Beires is a perfect destination for a relaxing break or to enjoy the great outdoors. A place where you can relax in total tranquility, this rustic village forms part of the Sierra Nevada Natural Park. It has about 110 inhabitants.
Beires is divided into two districts by the Barranco del Nacimiento; Zambron and Beires. It is one of the least populated villages of the province. Its origin is unknown but it is known that, with the conquest of the Catholic Monarchs, its inhabitants remained in the village and maintained their property. After the Moorish uprising they were expelled in 1570 and their property, which was confiscated, passed into the hands of the new population of Christians.
The main economic activity has traditionally been agriculture, especially dessert grapes, almonds and oil. At the beginning of the century mining activity started. The mineral was transported by overhead cable to the Doña María y Ocaña railway station. This mining activity ceased in the seventies.
THINGS TO SEE
Iglesia Parroquial de Nuestra Señora de la Misericordia
The Church was built between 1676 and 1679 by Pedro de Cerezuela to replace the old one, which in 1673 had to be propped up by what the master of masonry Pedro López was on the cusp of Cerro de Beires. The conditions for the construction were given by the Church Vendor of the Archbishopric, José Granados de la Barrera, in 1676. In December 1679 the transfer was made from the old Church, while the master bricklayer would keep the usable materials of the old Church. The new Church is rectangular in plan, with a tower at the head and armor of the Mudejar tradition. In 1745, Indalecio Guiot made works and repairs, but the most important intervention occurred in 1782 with the construction of the new head with a transept. Possibly coinciding with this expansion, the tower was raised with a new body of bells. It is a clear example of the transformations that rural churches have suffered throughout the Modern Age as a consequence of the increase in population and the change in aesthetic tastes. Located on Calle Reducto.
The main square in Beires is also worth a mention, as it offers spectacular views ranging from the Sierra de Gádor to the Cabo de Gata.
THINGS TO SEE OUTSIDE THE VILLAGE
The Moorish Castle particularly stands out, however it has almost disappeared; leaving only remains of what was once the structure. It was declared a Site of Cultural Interest with the Category of Historical Monument and in 1993 the Junta de Andalucía gave special recognition to the Castle.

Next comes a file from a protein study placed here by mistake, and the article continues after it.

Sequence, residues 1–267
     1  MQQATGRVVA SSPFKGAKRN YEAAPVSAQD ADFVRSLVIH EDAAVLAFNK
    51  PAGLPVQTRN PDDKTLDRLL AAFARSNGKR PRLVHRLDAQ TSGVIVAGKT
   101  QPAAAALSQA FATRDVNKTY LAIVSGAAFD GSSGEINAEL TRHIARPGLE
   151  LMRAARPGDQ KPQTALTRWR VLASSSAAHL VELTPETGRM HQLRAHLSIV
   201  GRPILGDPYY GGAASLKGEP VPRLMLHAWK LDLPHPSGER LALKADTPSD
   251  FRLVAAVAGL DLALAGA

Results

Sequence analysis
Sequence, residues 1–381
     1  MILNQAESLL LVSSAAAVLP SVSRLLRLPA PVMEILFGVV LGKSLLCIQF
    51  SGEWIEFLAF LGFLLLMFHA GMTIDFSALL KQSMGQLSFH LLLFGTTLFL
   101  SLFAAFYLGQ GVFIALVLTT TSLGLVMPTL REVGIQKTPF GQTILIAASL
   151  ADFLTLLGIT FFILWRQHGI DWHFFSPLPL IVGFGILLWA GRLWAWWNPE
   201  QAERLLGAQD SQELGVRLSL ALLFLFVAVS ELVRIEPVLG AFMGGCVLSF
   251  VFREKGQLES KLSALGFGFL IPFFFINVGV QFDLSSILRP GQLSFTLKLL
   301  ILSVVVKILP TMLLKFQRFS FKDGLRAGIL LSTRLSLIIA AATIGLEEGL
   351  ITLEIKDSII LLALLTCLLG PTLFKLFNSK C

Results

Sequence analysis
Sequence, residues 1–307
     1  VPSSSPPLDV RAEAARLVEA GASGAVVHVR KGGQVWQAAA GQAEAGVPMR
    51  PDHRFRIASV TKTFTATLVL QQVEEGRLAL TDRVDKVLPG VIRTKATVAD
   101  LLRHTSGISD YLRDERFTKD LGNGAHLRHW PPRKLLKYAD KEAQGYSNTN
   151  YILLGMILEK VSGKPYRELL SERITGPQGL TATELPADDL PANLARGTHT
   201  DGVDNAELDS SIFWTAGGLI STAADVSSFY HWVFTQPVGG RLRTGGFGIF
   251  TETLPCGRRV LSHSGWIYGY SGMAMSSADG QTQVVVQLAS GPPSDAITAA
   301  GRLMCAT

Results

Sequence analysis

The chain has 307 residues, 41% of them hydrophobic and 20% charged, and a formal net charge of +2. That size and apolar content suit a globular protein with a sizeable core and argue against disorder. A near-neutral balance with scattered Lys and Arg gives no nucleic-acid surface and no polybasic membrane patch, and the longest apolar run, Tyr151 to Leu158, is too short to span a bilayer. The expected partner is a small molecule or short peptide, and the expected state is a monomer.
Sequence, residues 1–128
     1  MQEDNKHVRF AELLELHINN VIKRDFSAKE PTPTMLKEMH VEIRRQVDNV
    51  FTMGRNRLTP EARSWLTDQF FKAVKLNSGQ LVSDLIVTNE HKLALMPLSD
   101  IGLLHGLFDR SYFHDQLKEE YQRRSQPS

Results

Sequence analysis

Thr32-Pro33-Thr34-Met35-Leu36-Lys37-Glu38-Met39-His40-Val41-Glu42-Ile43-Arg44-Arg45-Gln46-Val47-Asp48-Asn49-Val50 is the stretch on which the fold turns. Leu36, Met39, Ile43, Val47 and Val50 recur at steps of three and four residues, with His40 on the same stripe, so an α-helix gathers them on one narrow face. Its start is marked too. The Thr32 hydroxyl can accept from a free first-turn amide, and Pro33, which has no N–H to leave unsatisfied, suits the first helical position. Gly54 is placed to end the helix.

The water in the pool comes from a small mine that fills this small reservoir. Initially the reservoir was used to collect water for a few of the town’s irrigations, but as time went by it has become a place of leisure. Inhabitants of the town have bathed here over the years, even attracting inhabitants from other towns as the water is said to have curative effects, although one must be warned it is extremely cold.
An abundance of chestnut trees and a rich variety of flora and fauna provide a perfect place to hike, reaching right up to the recreation area of Fuente del Nacimiento. It is situated close to the Barranco de Nacimiento, which separates the two neighbourhoods of the village which you can get to via a stone bridge which dates back to the seventeenth century.
Arts and crafts in the village consist mainly of metalwork and forgery.
Dishes to try when visiting Beires are migas (fried breadcrumbs served with pork), virrutas (angel hair pasta stew), potaje de hinojos (fennel soup), panecillos de bacalao en Semana Santa (Easter cod dumplings), trigo alpujarreño (wheat stew). Sweet treats include papajotes (sugar dumplings), arroz con leche (rice pudding) and turrón (almond nougat). One can also enjoy the locally grown fruit such as oranges, apples, cherries and grapes.
Popular festivals in Beires are Fiestas de San Roque, Semana Cultural and Semana Santa. More>